"An-Nida’  has been covering  the situation in the south for three years along with the rest of Yemen. If we are being accused of being separatists, while we hold on to the national unity and the constitution, this is a serious accusation from those who choose media censorship before unity. So the question is, who is the separatist here?"

Government censorship doomed to fail

When the government, represented by the Information Ministry, entered into a conflict with the independent press, it lost its credibility in defending freedom of expression. And despite the government’s actions the head of the syndicate met with the ministry and the prime minister when the ban decision was issued.

During the meeting, officials said that the ban was lifted and that there were no political reasons to ban the newspapers from publishing. Later, the journalists were surprised to know that the ban still stands.

“We no longer trust the government which is trying to blame printing houses when we know they gave the orders. This ban is the worst since 1990, for the matter is bigger than just a ban. This is about having faith in our government and in democracy. It is obvious that some officials don’t believe we live in a democracy. They think democracy is a joke, and could be taken back by an administrative procedure,” Damaj said.

The General Secretary of the Syndicate is not taking the ban lightly either.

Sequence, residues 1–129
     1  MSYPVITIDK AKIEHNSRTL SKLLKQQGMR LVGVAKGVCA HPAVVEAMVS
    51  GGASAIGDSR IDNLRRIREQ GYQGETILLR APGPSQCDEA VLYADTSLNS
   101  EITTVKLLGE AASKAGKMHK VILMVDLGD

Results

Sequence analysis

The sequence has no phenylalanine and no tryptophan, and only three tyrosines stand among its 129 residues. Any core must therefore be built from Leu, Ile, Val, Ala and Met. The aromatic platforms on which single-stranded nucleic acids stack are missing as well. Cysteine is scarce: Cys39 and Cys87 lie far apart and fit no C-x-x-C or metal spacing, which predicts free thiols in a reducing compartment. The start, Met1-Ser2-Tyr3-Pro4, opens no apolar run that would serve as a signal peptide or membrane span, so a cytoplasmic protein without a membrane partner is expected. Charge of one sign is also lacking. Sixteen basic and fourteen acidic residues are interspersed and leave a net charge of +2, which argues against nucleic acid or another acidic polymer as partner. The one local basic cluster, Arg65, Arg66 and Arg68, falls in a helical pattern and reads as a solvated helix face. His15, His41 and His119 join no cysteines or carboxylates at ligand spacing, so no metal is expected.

“This matter is not spontaneous and there is an unexpressed tendency to destroy the free press. The government appears to have had enough of the press and its freedoms. This situation is dangerous and we warn of it. It is bigger than we thought. It is a real threat to freedom of expression. We are not optimistic and don’t trust the governmental intentions.”

But the government doesn’t think its practices are an abuse of freedom of expression, since, according to officials at the Information Ministry, these newspapers abused the law by spreading news inciting sectarianism.

Middle East coordinator of the International Federation for Journalists, Mounir Zaarour, said that the real threat facing the press in Yemen is the presence of officials who don’t believe in democracy and the targeting of a press in a country that still has some independent newspapers.
  
Though he thinks that the government’s attempts to limit the freedom of the press in Yemen are “desperate attempts doomed to fail,” he was astonished by these practices that occurred a few weeks after a presidential decision to issue more independent newspapers.